Main difference between a variable declared globally with and without extern keyword?

dream4cppexpert's Avatar, Join Date: Jun 2012
Newbie Member
Folks,

This may be simply and very old question to some of you, but please let me know the Basic or Main Difference between a variable declared without "extern" keyword and with "extern" keyword??????

Here is the scenario:
1. ------> I have declared a variable int glo_var; in Test.h and including Test.h in different files. ex: Test1.c, Test2.c, Test3.c and i could able to Read/Modify the variable glo_var without any problem.

2. -------> I have declared a variable extern int glo_var; in Test.h and including Test.h in different files. ex: Test1.c, Test2.c, Test3.c and i could able to Read/Modify the variable glo_var without any problem.

I had gone through the difference websites to know about this, but i couldnt get main difference, please let me know the difference as much as detail.

Thanks in advance.
dearvivekkumar's Avatar, Join Date: Feb 2012
Go4Expert Member
---->extern keyword extends the visibility of the C variables and C functions. Probably that’s is the reason why it was named as extern.


Please read the post in the link below. Nice, clear and intuitive!
dream4cppexpert's Avatar, Join Date: Jun 2012
Newbie Member
Quote:
Originally Posted by dearvivekkumar View Post
---->extern keyword extends the visibility of the C variables and C functions. Probably that’s is the reason why it was named as extern.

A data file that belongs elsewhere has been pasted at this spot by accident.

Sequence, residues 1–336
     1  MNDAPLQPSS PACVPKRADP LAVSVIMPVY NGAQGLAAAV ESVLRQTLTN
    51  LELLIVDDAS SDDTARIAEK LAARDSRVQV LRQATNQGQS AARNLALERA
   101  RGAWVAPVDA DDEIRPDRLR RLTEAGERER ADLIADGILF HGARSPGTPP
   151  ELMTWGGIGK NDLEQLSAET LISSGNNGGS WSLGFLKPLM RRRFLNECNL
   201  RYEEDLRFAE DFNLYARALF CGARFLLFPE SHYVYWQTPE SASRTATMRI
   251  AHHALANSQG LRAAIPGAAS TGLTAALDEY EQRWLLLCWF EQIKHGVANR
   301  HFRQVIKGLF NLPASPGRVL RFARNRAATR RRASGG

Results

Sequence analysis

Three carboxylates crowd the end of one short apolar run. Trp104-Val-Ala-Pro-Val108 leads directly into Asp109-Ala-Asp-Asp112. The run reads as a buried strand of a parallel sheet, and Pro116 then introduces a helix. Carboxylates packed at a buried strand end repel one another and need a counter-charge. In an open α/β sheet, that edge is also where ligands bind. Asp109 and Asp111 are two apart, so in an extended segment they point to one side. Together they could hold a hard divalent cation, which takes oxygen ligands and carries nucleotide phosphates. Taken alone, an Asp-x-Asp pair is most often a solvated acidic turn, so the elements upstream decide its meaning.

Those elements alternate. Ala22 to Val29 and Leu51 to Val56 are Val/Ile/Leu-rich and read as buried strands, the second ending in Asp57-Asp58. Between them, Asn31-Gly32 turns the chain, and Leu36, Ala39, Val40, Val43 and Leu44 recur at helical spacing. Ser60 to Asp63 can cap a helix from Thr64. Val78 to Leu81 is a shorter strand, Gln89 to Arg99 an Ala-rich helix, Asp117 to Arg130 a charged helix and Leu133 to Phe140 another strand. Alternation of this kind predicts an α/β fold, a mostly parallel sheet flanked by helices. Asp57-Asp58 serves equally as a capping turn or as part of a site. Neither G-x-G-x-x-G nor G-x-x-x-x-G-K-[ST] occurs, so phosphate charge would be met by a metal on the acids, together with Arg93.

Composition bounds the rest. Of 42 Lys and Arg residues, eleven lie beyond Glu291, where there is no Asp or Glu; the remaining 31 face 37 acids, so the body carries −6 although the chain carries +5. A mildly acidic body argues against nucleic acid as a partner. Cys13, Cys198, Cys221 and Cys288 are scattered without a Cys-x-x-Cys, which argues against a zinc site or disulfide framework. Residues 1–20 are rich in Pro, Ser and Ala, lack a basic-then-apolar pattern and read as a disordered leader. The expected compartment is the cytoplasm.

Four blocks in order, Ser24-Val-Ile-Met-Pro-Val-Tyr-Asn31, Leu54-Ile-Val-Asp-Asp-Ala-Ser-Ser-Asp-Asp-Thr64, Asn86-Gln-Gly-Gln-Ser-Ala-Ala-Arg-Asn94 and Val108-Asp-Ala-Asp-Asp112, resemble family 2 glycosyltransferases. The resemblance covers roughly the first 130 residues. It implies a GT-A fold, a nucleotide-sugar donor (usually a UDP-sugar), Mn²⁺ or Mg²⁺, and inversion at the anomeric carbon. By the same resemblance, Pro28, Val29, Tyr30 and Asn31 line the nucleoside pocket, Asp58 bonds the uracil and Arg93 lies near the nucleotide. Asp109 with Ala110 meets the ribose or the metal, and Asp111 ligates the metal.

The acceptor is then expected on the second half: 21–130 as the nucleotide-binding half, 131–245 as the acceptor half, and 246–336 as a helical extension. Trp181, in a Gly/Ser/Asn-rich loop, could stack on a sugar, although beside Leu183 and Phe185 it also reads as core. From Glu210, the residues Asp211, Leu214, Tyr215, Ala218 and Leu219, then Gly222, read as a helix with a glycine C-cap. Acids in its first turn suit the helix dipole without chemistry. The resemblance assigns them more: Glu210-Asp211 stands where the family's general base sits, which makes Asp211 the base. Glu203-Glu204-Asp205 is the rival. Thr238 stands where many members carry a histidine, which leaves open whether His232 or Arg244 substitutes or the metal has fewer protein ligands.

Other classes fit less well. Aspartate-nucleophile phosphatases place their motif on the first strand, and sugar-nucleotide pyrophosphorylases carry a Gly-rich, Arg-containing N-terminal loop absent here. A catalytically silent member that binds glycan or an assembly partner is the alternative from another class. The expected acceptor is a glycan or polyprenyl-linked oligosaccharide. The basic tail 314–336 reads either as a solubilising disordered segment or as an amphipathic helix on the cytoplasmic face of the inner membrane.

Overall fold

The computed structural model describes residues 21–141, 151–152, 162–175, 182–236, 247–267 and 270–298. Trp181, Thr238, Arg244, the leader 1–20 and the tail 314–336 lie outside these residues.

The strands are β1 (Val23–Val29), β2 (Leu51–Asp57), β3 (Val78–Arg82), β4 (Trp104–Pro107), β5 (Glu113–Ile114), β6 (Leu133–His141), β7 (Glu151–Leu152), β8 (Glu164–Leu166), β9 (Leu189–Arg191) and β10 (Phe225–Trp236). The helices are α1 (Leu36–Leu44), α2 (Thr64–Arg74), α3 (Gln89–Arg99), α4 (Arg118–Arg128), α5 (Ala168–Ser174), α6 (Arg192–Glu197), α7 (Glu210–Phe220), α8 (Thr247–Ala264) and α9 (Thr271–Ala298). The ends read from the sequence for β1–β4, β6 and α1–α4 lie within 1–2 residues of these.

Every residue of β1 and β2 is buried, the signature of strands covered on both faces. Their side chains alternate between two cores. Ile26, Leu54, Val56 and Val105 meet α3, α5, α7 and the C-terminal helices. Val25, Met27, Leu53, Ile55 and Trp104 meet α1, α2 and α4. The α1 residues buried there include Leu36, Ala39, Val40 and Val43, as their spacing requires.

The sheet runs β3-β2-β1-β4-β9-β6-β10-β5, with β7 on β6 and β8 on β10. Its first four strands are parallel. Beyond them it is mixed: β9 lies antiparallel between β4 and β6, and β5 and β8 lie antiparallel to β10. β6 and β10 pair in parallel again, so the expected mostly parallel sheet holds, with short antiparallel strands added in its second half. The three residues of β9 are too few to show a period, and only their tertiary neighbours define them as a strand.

Please read the post in the link below. Nice, clear and intuitive!

------------------

please provide the link...
xpi0t0s's Avatar, Join Date: Aug 2004
Mentor
It's actually quite simple. If you define a variable in a source file (suppose you define int foobar; in Test1.c), outside the scope of any function, then that variable is not local to any function but global to the module. It is accessible by all functions in Test1.c, but it is not by default accessible anywhere else (in Test2.c or Test3.c).

If you want access to it in Test2.c or Test3.c then you have to redefine it, but if you define it in exactly the same way (int foobar; ) then you will get *another* foobar, and a linker error due to a redefined symbol.

So in Test2.c and Test3.c you have to define it as "extern int foobar;" - then the compiler knows not to create a new foobar but just to assume it already exists and let the linker resolve the address.

Now, you appear to be saying that if you *only* define a variable as "extern int glo_Var;" it compiles fine and you get access to it everywhere. This appears to be compiler-dependent; in Visual Studio 2010 if I try this I get an "undefined symbol" error. One of those definitions must actually define glo_Var - you have to miss off the "extern" in one place.

This can make header files slightly tricky; either you have to define variables twice (duplication means you have to maintain both copies of the variable definition, which can lead to bugs if you don't), or you have to muck about with a conditional definition and define the variables as, for example:
Code:
EXTERN int glo_Var;
then for one module, define EXTERN as nothing, and for all other modules define EXTERN as extern, i.e.:
Code:
variable_defs.h:
EXTERN int glo_Var;

Test1.c:
#define EXTERN
#include "variable_defs.h"

Test2.c:
#define EXTERN extern
#include "variable_defs.h"
xpi0t0s's Avatar, Join Date: Aug 2004
Mentor
Or for even less coding:
Code:
variable_defs.h:
#ifndef EXTERN
#define EXTERN extern
#endif
EXTERN int glo_Var;

Test1.c:
#define EXTERN
#include "variable_defs.h"

Test2.c:
#include "variable_defs.h"